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Period Iii The Critical Period





The interval between the close of the post-apostolic age and the end of
the second century, or from about 140 to 200, may be called the Critical
Period of Ancient Christianity. In this period there grew up conceptions
of Christianity which were felt by the Church, as a whole, to be
fundamentally opposed to its essential spirit and to constitute a serious
menace to the Christian faith as it had been commonly received. These
conceptions, which grew up both alongside of, and within the Church, have
been grouped under the term Gnosticism, a generic term including many
widely divergent types of teaching and various interpretations of
Christian doctrine in the light of Oriental speculation. There were also
reactionary and reformatory movements which were generally felt to be out
of harmony with the development upon which Christian thought and life had
already entered; such were Montanism and Marcionism. To overcome these
tendencies and movements the Christian churches in the various parts of
the Roman Empire were forced, on the one hand, to develop more completely
such ecclesiastical institutions as would defend what was commonly
regarded as the received faith, and, on the other hand, to pass from a
condition in which the various Christian communities existed in isolated
autonomy to some form of organization whereby the spiritual unity of the
Church might become visible and better able to strengthen the several
members of that Church in dealing with theological and administrative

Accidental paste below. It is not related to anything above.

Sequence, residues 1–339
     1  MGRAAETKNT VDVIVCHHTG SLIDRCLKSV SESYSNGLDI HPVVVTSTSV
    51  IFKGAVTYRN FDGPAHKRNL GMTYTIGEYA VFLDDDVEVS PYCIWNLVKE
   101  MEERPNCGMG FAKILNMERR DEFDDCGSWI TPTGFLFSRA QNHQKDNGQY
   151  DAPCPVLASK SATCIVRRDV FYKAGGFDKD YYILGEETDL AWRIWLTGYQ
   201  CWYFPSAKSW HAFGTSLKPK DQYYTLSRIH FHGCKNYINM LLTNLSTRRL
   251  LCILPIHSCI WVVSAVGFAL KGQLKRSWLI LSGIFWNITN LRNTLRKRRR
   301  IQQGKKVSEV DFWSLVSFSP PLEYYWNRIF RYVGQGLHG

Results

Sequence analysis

problems. The Church, accordingly, acquired in the Critical Period the
fundamental form of its creed, as an authoritative expression of belief;
the episcopate, as a universally recognized essential of Church
organization and a defence of tradition; and its canon of Holy Scripture,
at least in fundamentals, as the authoritative primitive witness to the
essential teachings of the Church. It also laid the foundations of the
conciliar system, and the bonds of corporate unity between the scattered
communities of the Church were defined and recognized. At the same time,
the Church developed in its conflict with heathenism an apologetic
literature, and in its conflict with heresy a polemical literature, in
which are to be found the beginnings of its theology or scientific
statement of Christian truth. Of this theology two lines of development
are to be traced: one a utilization of Greek philosophy which arose from
the Logos doctrine of the Apologists, and the other a realistic doctrine
of redemption which grew out of the Asia Minor type of Christian teaching,
traces of which are to be found in Ignatius of Antioch.





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